Vote button trans.png
April's Project of the Month
It's spring time. It's primary election season!
Click here to find all the information you'll need to cast your ballot.




Arkansas Legislative Authorization to Control Interest Rates, Proposed Amendment 57 (1974)

From Ballotpedia
Jump to: navigation, search
Voting on
Business Regulation
Business regulation.jpg
Ballot Measures
By state
By year
Not on ballot
Arkansas Constitution
Seal of Arkansas.svg.png
Preamble
Articles
1234567891011121314151617181920ScheduleProclamation
Amendments
The Arkansas Legislative Authorization to Control Interest Rates Amendment, also known as Proposed Amendment 57, appeared as an initiated constitutional amendment in Arkansas where it was defeated on the ballot on November 5, 1974.[1]

This amendment would have allowed the Arkansas General Assembly to control maximum interest rates.

Election results

Proposed Amendment 57 (1974)
ResultVotesPercentage
Defeatedd No426,19786.43%
Yes 66,905 13.57%

Official results via: Arkansas Secretary of State

Text of measure

The language appeared on the ballot as:[2]

This text is quoted verbatim from the original source. Any inconsistencies are attributed to the original source.

AN AMENDMENT TO AUTHORIZE THE GENERAL ASSEMBLY TO FIX MAXIMUM LAWFUL RATES OF INTEREST BY AMENDING SECTION 15 OF ARTICLE XIX OF THE ARKANSAS CONSTITUTION OF 1874 SO THAT AS AMENDED SECTION 13 WILL PROVIDE THAT THE MAXIMUM LAWFUL RATE OF INTEREST, EXCEPT WHEN THE GENERAL ASSEMBLY SHALL OTHERWISE PROVIDE, SHALL BE TEN PERCENT PER ANNUM; THAT ALL CONTRACTS FOR AN UNLAWFUL RATE OF INTEREST SHALL BE VOID AS TO PRINCIPAL AND INTEREST; AND THAT WHEN NO RATE OF INTEREST IS AGREED UPON THE RATE SHALL BE SIX PERCENT PER ANNUM.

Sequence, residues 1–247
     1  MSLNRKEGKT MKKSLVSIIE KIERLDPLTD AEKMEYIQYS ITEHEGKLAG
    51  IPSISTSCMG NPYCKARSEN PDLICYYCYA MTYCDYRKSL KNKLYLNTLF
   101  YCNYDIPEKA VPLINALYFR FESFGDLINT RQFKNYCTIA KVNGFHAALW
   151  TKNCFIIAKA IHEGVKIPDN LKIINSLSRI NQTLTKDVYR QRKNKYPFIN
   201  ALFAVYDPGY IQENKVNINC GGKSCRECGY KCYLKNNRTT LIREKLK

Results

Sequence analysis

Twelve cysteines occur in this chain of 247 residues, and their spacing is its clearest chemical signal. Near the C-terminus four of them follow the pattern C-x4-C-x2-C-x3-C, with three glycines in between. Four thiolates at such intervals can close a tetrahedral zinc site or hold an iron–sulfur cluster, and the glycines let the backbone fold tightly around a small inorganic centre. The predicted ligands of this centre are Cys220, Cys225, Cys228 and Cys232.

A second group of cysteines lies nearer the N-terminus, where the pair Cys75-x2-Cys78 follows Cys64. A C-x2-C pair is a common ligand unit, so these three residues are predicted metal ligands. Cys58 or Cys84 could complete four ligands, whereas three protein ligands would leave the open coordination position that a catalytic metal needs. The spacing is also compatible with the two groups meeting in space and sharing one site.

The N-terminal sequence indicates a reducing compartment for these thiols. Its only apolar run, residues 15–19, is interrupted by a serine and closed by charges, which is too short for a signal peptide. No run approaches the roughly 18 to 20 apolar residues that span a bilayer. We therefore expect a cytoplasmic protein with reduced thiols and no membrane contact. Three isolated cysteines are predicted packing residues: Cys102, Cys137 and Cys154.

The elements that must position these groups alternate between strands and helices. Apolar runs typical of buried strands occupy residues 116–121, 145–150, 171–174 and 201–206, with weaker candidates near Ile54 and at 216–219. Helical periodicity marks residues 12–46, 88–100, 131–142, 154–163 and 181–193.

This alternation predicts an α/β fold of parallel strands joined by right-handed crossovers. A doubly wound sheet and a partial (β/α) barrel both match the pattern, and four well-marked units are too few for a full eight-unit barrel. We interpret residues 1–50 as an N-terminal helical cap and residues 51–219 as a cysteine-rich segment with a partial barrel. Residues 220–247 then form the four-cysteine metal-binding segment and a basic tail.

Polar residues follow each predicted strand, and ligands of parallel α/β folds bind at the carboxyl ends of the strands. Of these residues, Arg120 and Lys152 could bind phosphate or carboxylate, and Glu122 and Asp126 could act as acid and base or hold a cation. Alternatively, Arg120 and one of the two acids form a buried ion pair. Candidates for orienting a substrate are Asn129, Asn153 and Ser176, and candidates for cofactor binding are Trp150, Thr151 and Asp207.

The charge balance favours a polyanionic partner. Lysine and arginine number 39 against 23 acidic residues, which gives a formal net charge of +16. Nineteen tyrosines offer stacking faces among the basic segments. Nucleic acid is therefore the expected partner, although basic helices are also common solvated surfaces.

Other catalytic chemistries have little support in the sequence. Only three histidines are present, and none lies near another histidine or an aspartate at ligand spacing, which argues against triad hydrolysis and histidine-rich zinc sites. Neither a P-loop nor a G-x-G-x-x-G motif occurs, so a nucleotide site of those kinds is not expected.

See also

BallotpediaAvatar bigger.png
Suggest a link

External links

References

  1. Arkansas Secretary of State, "Initiatives and Amendments 1938-2010"
  2. Inter-university Consortium for Political and Social Research. REFERENDA AND PRIMARY ELECTION MATERIALS [Computer file]. ICPSR ed. Ann Arbor, MI: Inter-university Consortium for Political and Social Research [producer and distributor], 1995. doi:10.3886/ICPSR00006.v1